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Inquisitio Haereticae Pravitatis*…

The College of Cardinals heads into session today, the latest installment in the oldest continuous democratic process in the world.  As we watch for white smoke, Lapham’s Quarterly reminds us of just how momentous the results of the balloting can be.

In 1484, just three months into his pontificate, Innocent VIII issued a papal bull, naming two professors as his primary inquisitors.  Heinrich Kramer, a professor of theology at the University of Salzburg,  and Jacobus Sprenger, a dean of the University of Cologne, had written the new Pope complaining that their local ecclesiastical authorities were not assisting them in stamping out witchcraft.  Innocent VIII put them in charge– and the prosecutions began.

Two years later, the two Dominican inquisitors published the (in)famous Malleus Maleficarum (“Hammer of the Witches”) the book proclaiming that disbelief in witches was heresy and prescribing torture to procure confessions from the accused, that became (if readers will forgive the pun) the Bible of the Inquisition.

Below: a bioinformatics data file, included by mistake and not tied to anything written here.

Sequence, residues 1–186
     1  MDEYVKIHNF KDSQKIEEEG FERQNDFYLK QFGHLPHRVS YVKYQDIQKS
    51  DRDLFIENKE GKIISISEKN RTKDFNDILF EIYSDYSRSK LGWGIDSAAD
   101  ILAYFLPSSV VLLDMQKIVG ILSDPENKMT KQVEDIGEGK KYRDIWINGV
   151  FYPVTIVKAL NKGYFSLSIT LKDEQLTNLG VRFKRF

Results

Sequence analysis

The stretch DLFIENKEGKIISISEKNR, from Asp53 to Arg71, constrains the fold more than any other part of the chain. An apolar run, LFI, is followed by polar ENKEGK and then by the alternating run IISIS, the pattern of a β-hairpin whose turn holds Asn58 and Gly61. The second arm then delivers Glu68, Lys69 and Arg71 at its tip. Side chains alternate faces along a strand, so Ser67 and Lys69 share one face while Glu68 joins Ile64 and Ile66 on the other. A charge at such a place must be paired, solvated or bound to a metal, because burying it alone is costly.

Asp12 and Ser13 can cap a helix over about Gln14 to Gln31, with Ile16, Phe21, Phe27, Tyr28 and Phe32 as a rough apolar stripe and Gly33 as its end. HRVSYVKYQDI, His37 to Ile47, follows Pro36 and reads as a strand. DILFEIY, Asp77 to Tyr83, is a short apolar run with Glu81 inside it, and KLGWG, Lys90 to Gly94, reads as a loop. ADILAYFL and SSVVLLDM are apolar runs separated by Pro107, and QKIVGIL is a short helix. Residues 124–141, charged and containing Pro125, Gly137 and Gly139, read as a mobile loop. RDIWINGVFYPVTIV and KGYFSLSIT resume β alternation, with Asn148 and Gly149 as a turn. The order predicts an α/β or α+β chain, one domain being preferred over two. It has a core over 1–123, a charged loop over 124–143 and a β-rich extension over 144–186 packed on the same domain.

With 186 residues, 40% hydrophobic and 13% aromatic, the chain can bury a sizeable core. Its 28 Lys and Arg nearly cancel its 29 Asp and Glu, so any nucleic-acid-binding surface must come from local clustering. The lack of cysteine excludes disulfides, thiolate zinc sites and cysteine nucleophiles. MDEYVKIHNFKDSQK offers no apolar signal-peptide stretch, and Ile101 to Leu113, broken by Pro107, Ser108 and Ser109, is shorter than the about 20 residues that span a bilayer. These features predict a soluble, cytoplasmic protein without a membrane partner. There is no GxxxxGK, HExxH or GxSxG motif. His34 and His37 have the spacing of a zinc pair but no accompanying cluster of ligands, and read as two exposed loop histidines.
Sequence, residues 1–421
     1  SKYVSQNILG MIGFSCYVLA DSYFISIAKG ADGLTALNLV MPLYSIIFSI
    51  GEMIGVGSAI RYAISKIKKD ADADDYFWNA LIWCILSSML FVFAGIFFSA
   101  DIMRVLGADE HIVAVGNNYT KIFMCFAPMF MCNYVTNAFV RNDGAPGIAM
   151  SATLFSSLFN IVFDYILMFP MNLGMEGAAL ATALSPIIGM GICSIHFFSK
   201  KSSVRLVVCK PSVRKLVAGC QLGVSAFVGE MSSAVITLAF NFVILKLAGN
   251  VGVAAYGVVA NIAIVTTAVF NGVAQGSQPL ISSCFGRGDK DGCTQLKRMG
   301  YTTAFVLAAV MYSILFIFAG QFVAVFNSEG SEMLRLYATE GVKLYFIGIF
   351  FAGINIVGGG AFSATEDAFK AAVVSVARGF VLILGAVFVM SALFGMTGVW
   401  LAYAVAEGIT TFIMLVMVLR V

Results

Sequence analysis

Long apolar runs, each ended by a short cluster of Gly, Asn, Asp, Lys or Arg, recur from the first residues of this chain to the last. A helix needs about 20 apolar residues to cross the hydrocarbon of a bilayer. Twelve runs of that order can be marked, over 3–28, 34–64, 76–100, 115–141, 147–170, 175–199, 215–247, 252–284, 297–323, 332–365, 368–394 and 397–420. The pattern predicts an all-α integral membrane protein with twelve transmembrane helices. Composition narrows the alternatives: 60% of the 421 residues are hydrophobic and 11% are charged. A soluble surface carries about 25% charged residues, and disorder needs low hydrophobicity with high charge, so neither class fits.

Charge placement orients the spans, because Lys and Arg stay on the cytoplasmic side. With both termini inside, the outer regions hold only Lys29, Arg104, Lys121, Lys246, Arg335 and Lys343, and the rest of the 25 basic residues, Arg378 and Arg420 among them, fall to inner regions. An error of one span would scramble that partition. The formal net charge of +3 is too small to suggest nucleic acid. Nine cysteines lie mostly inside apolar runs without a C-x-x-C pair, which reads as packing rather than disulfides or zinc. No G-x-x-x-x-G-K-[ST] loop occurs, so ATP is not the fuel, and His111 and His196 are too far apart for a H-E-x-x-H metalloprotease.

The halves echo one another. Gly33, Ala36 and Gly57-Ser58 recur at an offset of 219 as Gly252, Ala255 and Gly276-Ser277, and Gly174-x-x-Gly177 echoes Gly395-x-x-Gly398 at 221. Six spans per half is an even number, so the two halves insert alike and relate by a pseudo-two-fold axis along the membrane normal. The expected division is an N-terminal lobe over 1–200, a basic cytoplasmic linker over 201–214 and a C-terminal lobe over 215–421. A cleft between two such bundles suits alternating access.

Read Innocent VIII”s full Papal Bull here.

And on a related note, lest we worry that the new Pope, whoever he might be, will need to scramble to find appropriate attire for that all-important first audience, the Pope’s tailors have him covered.

* “Inquiry on Heretical Perversity


As we admit that Nobody Expects the Spanish Inquisition, we might recall that it was on this date in 1912 that The Girl Scouts were born in the U.S., as Juliette “Daisy” Gordon Low (who’d met and been deeply influenced by Scouting founder Robert Baden-Powell in London) organized the first Girl Scout troop meeting of 18 girls in Savannah, Georgia.  The annual sale of cookies as a fund-raiser began in 1917.

Ms. Low, flanked by two Scouts

[Goya’s The Inquisition Tribunal sourced here; the title page of the seventh Cologne edition of the Malleus Maleficarum, here; girl scout photo, here]

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